31 May 2009
Egypt refused to ink a legal and institutional framework governing the distribution of Nile water between the Nile Basin countries without including a clear-cut clause protecting its historical right to its water quota. The legal framework was scheduled to be ratified during a ministerial meeting of Nile Basin countries in Congo earlier this month, but Egyptian Minister of Water Resources Mohamed Nasr-Eddin Allam refused to sign without including the said provision which directly affects Egypt’s water security. Egypt, which has very scarce rainfall, depends on the Nile for more than 95 per cent of its water needs.
For four days starting today the International Quality and Productivity Centre (IQPC) and the Shared Services and Outsourcing Network will be hosting the Middle East and North Africa Shared Services Summit 2009 in Cairo. The event reflects the increasing importance of the Middle East and North Africa as outsourcing hubs, with governments keen to attract international investment, low labour costs and strong investment in infrastructure. Traditional IT and business process outsourcing BPO hubs such as Brazil, Russia, India and China (BRIC) are becoming less attractive due to varying combinations of high staff turnover, rising costs, saturated infrastructure, as well as issues with intellectual property and language. In a recent report by the London School of Economics, Beyond BRIC, Egypt was seen as the top new hotspot for companies to set up offshoring and outsourcing facilities. Egypt produces 31,000 science, technology and engineering graduates, and 20,000 English speaking graduates every year. Even India is looking to take advantage of Egypt in order to outsource its outsourcing, with India’s National Association of Software and Services Companies (Nasscom) signing a memorandum of understanding with Egypt’s Information Technology Industry Development Agency (ITIDA).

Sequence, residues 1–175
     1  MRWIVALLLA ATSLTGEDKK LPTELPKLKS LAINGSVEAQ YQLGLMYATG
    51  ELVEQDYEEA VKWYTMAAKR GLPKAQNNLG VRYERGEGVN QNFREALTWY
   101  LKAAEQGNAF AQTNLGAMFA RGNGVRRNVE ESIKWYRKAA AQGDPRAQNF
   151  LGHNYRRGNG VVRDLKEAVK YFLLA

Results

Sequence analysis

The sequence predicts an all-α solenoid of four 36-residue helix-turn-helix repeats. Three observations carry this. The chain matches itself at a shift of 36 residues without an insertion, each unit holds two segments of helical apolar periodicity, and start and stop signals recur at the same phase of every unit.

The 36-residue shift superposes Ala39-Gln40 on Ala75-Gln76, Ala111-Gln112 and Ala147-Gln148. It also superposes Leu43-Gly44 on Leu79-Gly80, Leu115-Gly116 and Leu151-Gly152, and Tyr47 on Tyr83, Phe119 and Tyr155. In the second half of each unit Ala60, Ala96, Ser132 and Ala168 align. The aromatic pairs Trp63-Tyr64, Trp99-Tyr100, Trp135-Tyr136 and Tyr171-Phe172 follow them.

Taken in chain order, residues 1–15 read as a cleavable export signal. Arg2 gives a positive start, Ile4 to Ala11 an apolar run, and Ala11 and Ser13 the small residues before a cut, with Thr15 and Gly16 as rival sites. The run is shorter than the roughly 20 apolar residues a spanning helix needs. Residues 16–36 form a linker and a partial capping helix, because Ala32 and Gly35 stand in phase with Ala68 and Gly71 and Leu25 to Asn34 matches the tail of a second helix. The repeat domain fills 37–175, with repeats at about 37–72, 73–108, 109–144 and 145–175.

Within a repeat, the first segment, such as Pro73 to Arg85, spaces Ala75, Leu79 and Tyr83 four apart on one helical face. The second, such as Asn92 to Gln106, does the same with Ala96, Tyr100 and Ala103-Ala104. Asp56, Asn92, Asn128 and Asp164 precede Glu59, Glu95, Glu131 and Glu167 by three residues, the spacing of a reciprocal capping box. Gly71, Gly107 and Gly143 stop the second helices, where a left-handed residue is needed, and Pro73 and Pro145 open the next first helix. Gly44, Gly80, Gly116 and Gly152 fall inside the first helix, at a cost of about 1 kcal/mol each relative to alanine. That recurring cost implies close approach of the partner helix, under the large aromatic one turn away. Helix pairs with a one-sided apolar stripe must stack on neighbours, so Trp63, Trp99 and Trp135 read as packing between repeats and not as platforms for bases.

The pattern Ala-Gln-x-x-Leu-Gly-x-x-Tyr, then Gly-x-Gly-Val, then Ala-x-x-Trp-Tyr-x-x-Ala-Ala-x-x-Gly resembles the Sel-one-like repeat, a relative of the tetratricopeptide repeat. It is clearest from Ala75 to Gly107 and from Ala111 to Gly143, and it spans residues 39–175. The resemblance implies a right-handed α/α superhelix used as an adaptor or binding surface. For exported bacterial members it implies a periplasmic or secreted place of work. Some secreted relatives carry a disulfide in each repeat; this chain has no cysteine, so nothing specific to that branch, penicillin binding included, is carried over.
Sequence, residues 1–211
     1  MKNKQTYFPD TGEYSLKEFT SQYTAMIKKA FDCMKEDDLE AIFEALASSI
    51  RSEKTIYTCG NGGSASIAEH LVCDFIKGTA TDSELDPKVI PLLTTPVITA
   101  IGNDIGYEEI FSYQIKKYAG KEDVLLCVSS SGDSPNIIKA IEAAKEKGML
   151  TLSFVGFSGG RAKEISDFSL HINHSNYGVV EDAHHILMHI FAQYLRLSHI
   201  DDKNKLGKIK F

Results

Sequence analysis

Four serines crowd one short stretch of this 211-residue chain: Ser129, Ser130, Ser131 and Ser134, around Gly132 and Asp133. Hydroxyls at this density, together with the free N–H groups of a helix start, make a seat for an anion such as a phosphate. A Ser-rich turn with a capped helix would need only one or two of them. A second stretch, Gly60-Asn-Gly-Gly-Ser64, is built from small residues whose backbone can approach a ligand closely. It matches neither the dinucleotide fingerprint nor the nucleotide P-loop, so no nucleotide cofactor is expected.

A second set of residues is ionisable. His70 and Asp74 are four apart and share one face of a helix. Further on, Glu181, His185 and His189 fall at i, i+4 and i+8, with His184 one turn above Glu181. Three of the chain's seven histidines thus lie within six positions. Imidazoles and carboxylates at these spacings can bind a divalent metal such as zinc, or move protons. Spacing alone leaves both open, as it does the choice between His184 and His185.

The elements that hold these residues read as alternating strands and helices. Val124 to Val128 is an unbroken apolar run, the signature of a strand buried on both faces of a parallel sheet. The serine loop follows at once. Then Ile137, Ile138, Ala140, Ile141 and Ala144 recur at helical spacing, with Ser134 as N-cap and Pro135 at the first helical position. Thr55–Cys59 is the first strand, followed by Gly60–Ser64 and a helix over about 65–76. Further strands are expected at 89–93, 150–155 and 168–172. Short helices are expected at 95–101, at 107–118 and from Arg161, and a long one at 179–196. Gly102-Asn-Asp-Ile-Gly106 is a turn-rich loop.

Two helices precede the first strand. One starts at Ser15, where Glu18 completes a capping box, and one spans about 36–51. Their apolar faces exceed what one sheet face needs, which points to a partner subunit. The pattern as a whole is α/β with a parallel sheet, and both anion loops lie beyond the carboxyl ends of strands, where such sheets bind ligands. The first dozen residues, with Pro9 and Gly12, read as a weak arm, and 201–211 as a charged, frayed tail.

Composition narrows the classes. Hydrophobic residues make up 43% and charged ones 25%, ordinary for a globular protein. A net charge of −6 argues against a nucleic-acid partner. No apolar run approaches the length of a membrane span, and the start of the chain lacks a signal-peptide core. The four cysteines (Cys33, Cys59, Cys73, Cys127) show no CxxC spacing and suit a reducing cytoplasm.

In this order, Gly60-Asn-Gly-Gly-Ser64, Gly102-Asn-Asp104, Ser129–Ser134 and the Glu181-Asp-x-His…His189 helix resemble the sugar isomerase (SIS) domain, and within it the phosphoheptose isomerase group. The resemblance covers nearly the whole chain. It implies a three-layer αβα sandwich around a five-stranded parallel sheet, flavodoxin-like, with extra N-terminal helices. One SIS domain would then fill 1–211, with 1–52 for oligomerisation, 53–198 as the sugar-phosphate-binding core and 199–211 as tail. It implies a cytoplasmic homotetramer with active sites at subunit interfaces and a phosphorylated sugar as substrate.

The World Bank’s Clean Technology Fund will offer Egypt a EGP160 million soft loan to help finance three renewable energy projects: a 200MW power station and networks for the transfer of wind-generated electricity in the Gulf of Suez region. Egypt had been previously granted some EGP50 million to contribute towards establishing the first ever thermal solar station in Kuraimat south of Cairo, with a capacity of 140MW. The tender for the new wind farm has attracted 26 firms. The project developer will be required to design, finance, construct, own and operate the power plant for 20 to 25 years, and would sell the power produced during that period to the Egyptian Electricity Transmission Company.
Japan for Egyptian Farmers
Egypt and Japan have signed Exchange of Notes according to which Japan extends to Egypt a grant aid amounting to some EGP28 million for the Assistance of Underprivileged Farmers programme. Under the programme, which began in 1981, Japan has donated 34 floating pumps in Upper Egypt, reconstructed four large regulators on the Bahr Youssef Canal in Lower Egypt, and established two mechanisation centres in the Nile delta. Japanese grants to Egyptian farmers reached some EGP1.8 billion in the fields of water resources and agriculture. The recent grant will be used for projects in Assiut and Sohag in Upper Egypt.
McDonald’s Egypt is opening a series of new restaurants in collaboration with Shell Service Stations, the first of which is a full service restaurant with a drive-thru service at the Shell Service Station in Sheikh Zayed city west of Cairo. McDonald’s plans to open seven stores with Shell in the near future, said Mohamed Mansour, McDonald’s Egypt General Manager.